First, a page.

Advertisement

Introduction: DNA Damage and Repair

  • P. N. Magee
Part of the Basic Life Sciences book series

Abstract

The concept that cancer may be induced by the interaction of a carcinogen with DNA is widely accepted, although it is becoming increasingly clear that some carcinogens do not interact with DNA to a detectable extent. The carcinogens have been classified into two broad categories, genotoxic and non-genotoxic or epigenetic. Genotoxic carcinogens damage DNA, whereas epigenetic or non-genotoxic carcinogens appear to operate by other mechanisms, such as chronic tissue injury, immunosuppression, solid-state effects, hormonal imbalance, cocarcinogenicity, and promotion (1). This presentation will be concerned only with agents that cause DNA damage and repair.

Keywords

Partial Hepatectomy Xeroderma Pigmentosum Pyrimidine Dimer Chemical Carcinogenesis Methyl Methanesulfonate 
These keywords were added by machine and not by the authors. This process is experimental and the keywords may be updated as the learning algorithm improves.

Preview

Unable to display preview. Download preview PDF.

Unable to display preview. Download preview PDF.

References

  1. 1.
    Williams, G.M. 1980. Classification of genotoxic and epigenetic hepatocarcinogens using liver culture assays. Ann. N.Y. Acad. Sci. 349:273–282.PubMedCrossRefGoogle Scholar
  2. 2.
    Miller, E.C., and J.A. Miller. 1966. Mechanisms of chemical carcinogenesis: Nature of proximate carcinogens and interactions with macromolecules. Pharmacol. Rev. 18:805–838.PubMedGoogle Scholar
  3. 3.
    Westphal, H., and R. Dulbecco. 1968. Viral DNA in polyomaand SV40-transformed cell lines. Proc. Natl. Acad. Sci. USA 59:1158–1165.PubMedCrossRefGoogle Scholar
  4. 4.
    Temin, H., and S. Mizutani. 1970. RNA-dependent DNA polymerase in virions of Rous sarcoma virus. Nature 226:1211–1213.PubMedCrossRefGoogle Scholar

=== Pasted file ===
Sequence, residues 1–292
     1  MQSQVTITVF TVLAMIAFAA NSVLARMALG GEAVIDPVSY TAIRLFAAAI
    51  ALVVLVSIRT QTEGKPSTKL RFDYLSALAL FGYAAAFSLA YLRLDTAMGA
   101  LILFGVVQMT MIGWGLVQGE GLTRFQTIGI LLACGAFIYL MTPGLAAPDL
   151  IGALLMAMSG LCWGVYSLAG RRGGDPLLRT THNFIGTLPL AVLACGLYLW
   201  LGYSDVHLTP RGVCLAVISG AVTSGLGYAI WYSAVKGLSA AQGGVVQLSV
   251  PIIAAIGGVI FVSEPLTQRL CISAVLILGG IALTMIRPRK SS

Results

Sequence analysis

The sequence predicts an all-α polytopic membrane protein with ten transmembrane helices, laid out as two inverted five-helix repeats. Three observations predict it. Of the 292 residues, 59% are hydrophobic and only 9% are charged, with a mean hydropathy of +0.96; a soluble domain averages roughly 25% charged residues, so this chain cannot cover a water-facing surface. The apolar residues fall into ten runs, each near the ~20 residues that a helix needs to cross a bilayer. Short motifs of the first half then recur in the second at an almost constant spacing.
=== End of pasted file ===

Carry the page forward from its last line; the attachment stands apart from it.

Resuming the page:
5. 5.
    Baltimore, D. 1970. RNA-dependent DNA polymerase in virions of RNA tumor viruses. Nature 226:1209–1211.PubMedCrossRefGoogle Scholar
  6. 6.
    Shih, C., B.Z. Shilo, M.P. Goldfarb, A. Dannenberg, and R.A. Weinberg. 1979. Passage of phenotypes of chemically transformed cells via transfection of DNA and chromatin. Proc. Natl. Acad. Sci. USA 76:5714–5718.PubMedCrossRefGoogle Scholar
  7. 7.
    Cooper, G.M., S. Okenquist, and S. Silverman. 1980. Transforming activity of DNA of chemically transformed and normal cells. Nature 284:418–421.PubMedCrossRefGoogle Scholar
  8. 8.
    Barrett, J.C., T. Tsutsui, and P.O.P. Ts’o. 1978. Neoplastic transformation induced by a direct perturbation of DNA. Nature 274:229–232.PubMedCrossRefGoogle Scholar
  9. 9.
    Cleaver, J.E. 1968. Defective repair replication of DNA in Xeroderma pigmentosum. Nature 218:652–656.PubMedCrossRefGoogle Scholar
  10. 10.
    Robbins, J.H., K.H. Kraemer, M.A. Lutzner, B.W. Festoff, and H.G. Coon. 1974. Xeroderma pigmentosum: An inherited disease with sun sensitivity, multiple cutaneous neoplasms, and abnormal DNA repair. Ann. Intern. Med. 80:221–248.PubMedGoogle Scholar
  11. 11.
    Cleaver, J.E., and D. Bootsma. 1975. Xeroderma pigmentosum: Biochemical and genetic characteristics. Ann. Rev. Genet. 9:19–38.PubMedCrossRefGoogle Scholar
  12. 12.
    Hart, R.W., R.B. Setlow, and A.D. Woodhead. 1977. Evidence that pyrimidine dimers in DNA can give rise to tumors. Proc. Natl. Acad. Sci. USA 74:5574–5578.PubMedCrossRefGoogle Scholar
  13. 13.
    Boveri, T.H. 1914. Zur Frage der Entstehung maligner Tumoren. Gustav Fischer: Yena. 64 pp.Google Scholar
  14. 14.
    Ames, B.N., W. Durston, E. Yamasaki, and F. Lee. 1973. Carcinogens are mutagens: A simple test system combining liver homogenates for activation and bacteria for detection. Proc. Natl. Acad. Sci. USA 70:2281–2285.PubMedCrossRefGoogle Scholar
  15. 15.
    McCann, J., E. Choi, E. Yamasaki, and B.N. Ames. 1975. Detection of carcinogens as mutagens in the Salmonella/ microsome test: Assay of 300 chemicals. Proc. Natl. Acad. Sci. USA 72:5135–5139.PubMedCrossRefGoogle Scholar
  16. 16.
    Sugimura, T., S. Sato, M. Nagao, T. Yahagi, T. Matsushima, Y. Seino, M. Takeuchi, and T. Kawachi. 1976. Overlapping of carcinogens and mutagens. In: Fundamentals in Cancer Prevention. P.N. Magee, S. Takayama, T. Sugimura, and T. Matshushima, eds. Univ. Tokyo Press: Tokyo/Univ.; Park Press: Baltimore, MD. pp. 191–215.Google Scholar